How to apply to university? Applying for university can be a stressful and intimidating process. After all, it is a big decision to make, and there are a lot of steps you need to take in order to give your university applications the best chance of success possible.
Below, you will find the very basic steps, giving you an outline of what the process actually looks like and what you need to do for your application.
Different countries use different systems for university applications, each one of which works differently. From the USA’s Common Application system to the UK’s UCAS, every nation has its own system that you need to follow. You will need to check your own local system for guidelines for how the specific application works, but there are some general tips that you can follow regardless of your location.
When Apply to University
In most cases, you will need to get your application in by the start of the year in which your course starts. So, if your chosen course starts in September, you will need to get your application in by January of the same year. This does not apply to all universities, however: prestigious universities such as Oxford and Cambridge have earlier deadlines, as do courses in medicine, veterinary medicine, and dentistry. If any of those interest you, you will need to get your application in around a year before your course’s start date.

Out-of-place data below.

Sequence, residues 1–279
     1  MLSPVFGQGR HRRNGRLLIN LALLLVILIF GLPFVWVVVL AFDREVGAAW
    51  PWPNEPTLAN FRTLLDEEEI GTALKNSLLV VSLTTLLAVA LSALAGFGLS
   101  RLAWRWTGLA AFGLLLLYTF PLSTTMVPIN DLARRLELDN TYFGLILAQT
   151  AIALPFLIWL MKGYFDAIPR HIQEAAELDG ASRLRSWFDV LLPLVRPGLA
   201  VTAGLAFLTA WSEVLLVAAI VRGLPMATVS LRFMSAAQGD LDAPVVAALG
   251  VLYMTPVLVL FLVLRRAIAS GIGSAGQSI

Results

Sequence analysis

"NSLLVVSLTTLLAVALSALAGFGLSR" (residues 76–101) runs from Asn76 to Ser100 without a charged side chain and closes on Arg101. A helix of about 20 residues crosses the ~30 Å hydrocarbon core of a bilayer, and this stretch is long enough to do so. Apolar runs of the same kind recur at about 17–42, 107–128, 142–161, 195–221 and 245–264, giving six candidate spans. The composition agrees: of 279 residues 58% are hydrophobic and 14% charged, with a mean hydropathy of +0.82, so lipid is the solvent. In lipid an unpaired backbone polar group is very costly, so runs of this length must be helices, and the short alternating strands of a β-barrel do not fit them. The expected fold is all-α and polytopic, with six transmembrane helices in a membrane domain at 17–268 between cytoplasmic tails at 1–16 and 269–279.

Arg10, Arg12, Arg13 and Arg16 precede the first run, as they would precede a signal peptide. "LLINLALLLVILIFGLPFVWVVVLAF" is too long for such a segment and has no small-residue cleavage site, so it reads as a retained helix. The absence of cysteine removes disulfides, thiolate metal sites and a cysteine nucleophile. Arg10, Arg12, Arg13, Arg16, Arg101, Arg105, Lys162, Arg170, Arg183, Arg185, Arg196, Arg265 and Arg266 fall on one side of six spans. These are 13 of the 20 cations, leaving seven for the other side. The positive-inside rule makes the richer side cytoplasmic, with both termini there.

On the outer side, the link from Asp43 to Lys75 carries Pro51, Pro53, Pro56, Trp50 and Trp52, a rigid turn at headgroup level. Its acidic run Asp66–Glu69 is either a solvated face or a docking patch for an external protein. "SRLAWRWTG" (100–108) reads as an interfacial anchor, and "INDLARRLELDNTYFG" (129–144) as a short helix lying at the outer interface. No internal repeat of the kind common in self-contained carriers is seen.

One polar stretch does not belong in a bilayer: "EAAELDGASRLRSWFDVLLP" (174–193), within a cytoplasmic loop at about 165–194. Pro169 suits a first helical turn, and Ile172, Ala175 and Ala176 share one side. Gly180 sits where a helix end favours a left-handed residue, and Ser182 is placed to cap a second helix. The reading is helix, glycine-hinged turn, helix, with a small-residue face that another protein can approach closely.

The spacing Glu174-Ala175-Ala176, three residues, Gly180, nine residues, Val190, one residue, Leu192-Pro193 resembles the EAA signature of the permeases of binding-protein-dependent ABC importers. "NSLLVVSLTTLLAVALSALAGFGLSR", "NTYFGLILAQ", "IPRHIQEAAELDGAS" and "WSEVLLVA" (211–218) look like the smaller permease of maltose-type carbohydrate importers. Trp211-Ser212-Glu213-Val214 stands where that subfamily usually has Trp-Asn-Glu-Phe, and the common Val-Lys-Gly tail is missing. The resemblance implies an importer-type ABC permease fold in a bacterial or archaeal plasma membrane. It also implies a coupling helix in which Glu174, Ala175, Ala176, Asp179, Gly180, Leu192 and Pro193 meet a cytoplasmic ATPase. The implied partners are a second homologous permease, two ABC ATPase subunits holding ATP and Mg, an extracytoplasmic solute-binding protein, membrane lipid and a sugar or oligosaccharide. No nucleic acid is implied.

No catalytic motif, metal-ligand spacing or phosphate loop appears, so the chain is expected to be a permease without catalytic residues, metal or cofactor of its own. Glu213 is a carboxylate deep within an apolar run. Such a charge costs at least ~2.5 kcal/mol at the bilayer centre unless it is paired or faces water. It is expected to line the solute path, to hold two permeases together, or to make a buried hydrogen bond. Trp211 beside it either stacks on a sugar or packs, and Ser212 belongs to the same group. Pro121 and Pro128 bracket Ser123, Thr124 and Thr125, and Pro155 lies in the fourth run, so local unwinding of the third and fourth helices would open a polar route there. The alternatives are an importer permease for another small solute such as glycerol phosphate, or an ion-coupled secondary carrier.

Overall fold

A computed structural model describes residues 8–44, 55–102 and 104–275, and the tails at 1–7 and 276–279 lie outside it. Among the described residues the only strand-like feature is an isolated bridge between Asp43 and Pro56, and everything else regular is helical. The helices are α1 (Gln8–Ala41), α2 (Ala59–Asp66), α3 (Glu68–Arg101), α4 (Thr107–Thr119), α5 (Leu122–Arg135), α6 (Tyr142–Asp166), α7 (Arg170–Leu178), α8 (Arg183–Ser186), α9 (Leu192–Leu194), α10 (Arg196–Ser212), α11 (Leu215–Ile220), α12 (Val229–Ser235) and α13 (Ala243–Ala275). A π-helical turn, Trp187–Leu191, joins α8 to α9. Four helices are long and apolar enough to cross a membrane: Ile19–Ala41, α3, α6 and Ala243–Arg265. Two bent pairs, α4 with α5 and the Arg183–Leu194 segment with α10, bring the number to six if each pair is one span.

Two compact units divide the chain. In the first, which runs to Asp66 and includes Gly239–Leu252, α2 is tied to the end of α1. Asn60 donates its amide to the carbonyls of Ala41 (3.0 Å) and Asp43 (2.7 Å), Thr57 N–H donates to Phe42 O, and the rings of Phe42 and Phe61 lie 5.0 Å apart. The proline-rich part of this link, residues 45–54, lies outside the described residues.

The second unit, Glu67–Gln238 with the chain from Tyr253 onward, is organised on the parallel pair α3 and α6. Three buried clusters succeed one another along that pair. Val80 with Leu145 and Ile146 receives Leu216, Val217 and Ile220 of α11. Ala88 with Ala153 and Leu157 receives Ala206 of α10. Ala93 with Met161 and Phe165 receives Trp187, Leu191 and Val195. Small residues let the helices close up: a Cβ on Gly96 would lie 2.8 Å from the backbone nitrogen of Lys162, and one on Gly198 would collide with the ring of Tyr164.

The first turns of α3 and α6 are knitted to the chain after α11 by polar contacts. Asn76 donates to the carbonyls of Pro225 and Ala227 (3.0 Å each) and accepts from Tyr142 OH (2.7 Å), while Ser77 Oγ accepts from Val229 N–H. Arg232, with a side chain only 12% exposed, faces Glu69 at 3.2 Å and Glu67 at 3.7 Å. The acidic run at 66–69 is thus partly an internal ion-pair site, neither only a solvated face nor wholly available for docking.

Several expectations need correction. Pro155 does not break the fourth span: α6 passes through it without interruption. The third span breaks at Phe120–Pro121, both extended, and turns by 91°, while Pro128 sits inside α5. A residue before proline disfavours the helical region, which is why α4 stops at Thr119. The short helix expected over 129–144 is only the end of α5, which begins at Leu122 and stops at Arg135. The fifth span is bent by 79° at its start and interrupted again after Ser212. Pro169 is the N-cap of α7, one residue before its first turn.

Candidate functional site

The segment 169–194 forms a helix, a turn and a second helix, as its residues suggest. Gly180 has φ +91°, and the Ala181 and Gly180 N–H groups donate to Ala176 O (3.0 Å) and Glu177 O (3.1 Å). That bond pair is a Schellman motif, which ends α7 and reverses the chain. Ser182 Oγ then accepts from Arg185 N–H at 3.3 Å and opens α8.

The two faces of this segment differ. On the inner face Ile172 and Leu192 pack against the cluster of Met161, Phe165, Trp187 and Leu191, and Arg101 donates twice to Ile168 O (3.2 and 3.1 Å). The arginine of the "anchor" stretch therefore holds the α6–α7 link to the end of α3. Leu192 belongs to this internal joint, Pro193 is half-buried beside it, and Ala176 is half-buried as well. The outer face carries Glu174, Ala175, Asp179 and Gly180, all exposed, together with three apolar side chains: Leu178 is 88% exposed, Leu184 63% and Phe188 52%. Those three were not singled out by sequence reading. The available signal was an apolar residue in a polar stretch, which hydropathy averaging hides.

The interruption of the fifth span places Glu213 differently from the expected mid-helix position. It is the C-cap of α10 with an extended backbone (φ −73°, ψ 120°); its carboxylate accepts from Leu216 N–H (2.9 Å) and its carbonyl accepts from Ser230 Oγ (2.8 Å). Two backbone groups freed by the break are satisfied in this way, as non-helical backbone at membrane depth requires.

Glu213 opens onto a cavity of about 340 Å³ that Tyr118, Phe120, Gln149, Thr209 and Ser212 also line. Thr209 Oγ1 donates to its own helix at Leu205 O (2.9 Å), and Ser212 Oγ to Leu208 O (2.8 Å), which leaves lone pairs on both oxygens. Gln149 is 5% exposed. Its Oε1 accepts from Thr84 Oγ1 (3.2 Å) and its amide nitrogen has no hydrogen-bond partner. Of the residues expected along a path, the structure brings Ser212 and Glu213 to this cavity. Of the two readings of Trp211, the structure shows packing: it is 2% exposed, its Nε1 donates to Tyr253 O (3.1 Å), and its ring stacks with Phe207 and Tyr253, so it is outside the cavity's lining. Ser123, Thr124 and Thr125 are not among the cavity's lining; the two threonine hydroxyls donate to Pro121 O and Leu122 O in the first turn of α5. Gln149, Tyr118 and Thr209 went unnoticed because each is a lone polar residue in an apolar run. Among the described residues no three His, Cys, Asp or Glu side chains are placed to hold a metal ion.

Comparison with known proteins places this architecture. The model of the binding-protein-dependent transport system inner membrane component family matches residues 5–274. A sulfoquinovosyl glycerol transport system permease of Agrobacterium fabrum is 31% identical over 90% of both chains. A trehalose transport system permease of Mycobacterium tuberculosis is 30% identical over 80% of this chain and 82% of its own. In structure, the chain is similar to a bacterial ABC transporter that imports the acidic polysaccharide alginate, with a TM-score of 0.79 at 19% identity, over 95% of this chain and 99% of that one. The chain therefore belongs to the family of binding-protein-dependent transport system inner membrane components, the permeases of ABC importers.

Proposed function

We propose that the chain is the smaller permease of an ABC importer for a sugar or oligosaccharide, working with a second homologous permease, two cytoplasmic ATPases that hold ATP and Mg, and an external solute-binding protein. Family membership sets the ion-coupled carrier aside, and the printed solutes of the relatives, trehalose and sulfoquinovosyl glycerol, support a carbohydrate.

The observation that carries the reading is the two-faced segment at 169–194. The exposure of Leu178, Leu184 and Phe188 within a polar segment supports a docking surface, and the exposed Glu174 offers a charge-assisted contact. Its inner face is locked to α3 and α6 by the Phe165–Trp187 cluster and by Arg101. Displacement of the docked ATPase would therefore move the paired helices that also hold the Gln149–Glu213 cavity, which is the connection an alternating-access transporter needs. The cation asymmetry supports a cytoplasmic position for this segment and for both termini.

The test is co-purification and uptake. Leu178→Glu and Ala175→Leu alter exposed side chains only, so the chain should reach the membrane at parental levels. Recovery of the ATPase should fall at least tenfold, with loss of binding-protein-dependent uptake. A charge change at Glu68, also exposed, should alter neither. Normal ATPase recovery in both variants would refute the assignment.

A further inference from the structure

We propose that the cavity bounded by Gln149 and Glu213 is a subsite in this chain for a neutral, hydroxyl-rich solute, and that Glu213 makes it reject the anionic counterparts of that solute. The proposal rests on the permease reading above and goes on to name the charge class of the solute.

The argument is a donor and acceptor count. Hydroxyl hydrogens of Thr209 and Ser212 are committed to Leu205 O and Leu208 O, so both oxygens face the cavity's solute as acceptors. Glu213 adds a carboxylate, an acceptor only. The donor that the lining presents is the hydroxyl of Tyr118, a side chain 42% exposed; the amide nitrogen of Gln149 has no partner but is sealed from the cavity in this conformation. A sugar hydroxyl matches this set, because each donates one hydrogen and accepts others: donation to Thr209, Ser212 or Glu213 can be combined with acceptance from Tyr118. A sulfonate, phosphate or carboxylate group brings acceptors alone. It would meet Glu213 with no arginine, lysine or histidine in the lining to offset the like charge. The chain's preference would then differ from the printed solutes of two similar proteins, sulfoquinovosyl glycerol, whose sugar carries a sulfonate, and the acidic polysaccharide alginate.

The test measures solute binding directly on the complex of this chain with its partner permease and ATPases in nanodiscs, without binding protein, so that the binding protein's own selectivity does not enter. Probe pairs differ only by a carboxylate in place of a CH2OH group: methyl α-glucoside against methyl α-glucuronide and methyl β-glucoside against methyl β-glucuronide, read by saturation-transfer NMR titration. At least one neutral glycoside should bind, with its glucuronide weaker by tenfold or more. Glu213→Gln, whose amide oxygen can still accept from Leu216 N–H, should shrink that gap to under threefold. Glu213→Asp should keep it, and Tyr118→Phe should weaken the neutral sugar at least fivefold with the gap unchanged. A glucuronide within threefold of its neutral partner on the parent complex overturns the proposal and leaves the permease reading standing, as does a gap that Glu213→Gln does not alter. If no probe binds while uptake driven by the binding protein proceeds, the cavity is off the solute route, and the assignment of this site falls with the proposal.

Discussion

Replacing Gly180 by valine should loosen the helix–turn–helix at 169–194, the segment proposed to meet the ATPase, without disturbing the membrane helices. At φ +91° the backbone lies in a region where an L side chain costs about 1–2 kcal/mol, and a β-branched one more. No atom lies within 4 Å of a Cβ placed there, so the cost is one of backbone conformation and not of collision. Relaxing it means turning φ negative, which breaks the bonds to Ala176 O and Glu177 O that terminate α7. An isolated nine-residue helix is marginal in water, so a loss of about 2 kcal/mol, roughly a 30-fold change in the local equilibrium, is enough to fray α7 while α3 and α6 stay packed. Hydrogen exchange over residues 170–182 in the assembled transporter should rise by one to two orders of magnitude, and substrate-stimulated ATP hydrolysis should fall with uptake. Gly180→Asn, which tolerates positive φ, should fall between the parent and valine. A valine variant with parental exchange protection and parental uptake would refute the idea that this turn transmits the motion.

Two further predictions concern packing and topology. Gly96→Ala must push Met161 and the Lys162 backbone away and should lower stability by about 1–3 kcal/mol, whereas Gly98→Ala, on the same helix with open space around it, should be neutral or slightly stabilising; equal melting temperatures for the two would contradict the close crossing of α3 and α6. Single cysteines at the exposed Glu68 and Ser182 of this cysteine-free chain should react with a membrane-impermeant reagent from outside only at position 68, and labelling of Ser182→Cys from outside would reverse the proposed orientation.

That is the deadline, but you may want to apply earlier than the deadline. A lot of funding systems have their own deadlines or lose their places before the deadline. The earlier you get your application in, the better your chances of getting funding are!
Writing a personal statement is an essential part of the university applications process. Do not underestimate just how important this is to your chances of success in your application. Take your time over it, start it early, and make sure you get several people to read over it and critique it before you submit anything. It would be best if you showed why you are a good fit for your chosen course and why both you and the university would benefit from your presence.
Your references show the university that other people think highly of you and that your personal statement is not just an ego trip. This means that choosing your referees is important: you can’t use family, friends, or partners for a reference, for example.
If you are still in school or only recently left, then a teacher is a good choice. Pick one who knows you well, such as a tutor or teacher you spend a lot of time with.
If you left education a long time ago, your employer is your best bet. If you are unemployed, then a supervisor of some sort or other person who knows you in a professional capacity works well.
These are the important things to consider when you are starting to put together university applications. Each of these steps has plenty of resources available for you to study for further advice, but that is the basics.